Blast Yield Data: Sources and Treatments
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To develop the charts and graphs that illustrate the effects of above-ground nuclear tests, we consolidated data from various sources. Some of the data were in different formats and some were presented as a range rather than a numerical reading. Below are descriptions of the differences in data format and sample collection.
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Above-Ground Nuclear Blast Yield Data
The following types of nuclear explosions were considered above-ground nuclear blasts:
- artillery shell
- in or above the atmosphere
- open vertical shaft
- surface (types unknown)
- under water
Data for the annual yield of above-ground nuclear blasts were totaled by country from the Catalog of Nuclear Explosions, compiled by the Oklahoma Geological Survey (July 14, 1998; last accessed May 5, 2002)
If the yield of an explosion was not provided, listed as a range, or described as low, high, slight, fizz, or blank, we used the following decision rules for summing the data:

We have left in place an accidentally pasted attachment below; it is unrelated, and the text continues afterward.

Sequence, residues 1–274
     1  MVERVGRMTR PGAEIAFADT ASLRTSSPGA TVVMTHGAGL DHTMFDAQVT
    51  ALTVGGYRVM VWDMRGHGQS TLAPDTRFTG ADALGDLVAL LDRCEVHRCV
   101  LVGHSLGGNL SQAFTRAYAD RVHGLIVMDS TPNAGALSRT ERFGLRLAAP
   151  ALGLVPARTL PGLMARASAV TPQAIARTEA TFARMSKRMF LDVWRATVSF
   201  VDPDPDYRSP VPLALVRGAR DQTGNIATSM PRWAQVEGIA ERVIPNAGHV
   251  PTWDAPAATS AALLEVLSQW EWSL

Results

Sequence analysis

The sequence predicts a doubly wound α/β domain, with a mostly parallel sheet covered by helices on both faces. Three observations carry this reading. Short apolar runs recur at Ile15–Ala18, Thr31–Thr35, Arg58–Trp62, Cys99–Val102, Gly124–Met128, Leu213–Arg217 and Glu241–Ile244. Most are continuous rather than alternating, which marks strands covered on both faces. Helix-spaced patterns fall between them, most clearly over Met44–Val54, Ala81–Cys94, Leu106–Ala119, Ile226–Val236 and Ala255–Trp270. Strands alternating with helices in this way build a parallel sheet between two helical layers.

|Yield Description||Assumed Yield in Megatons|
|Range||The upper limit of the range*|
|Blank||The average yield of tests by the same country in the same year|
*The upper limit was used because the mid-point was low relative to other blasts reported for the same country during that year.
Stronium-90 in Milk Data
We used the nation-wide average of the Sr-90 concentration in milk to measure the effects of above-ground nuclear blasts. We calculated the annual nation-wide average by totaling the available monthly concentrations estimated for each sampling station and dividing by the number of monthly readings available.
Data from 1960-1973 were collected by the U.S. Public Health Service Milk Monitoring Network, which was then incorporated into RadNet's predecessor, ERAMS. During the 1960's, they collected monthly samples and analyzed them for Sr-90. Today, monitors routinely collect quarterly samples, but analyze only the third quarter (July) sample for Sr-90.
Samples are taken from the group of suppliers that provide at least 80% of the milk for a given population center. Individual samples are blended to create a composite sample, which is then analyzed for Sr-90.
For more on the trends in ambient radionuclide concentrations resulting from above-ground weapons blasts, see Using Environmental Monitoring Data.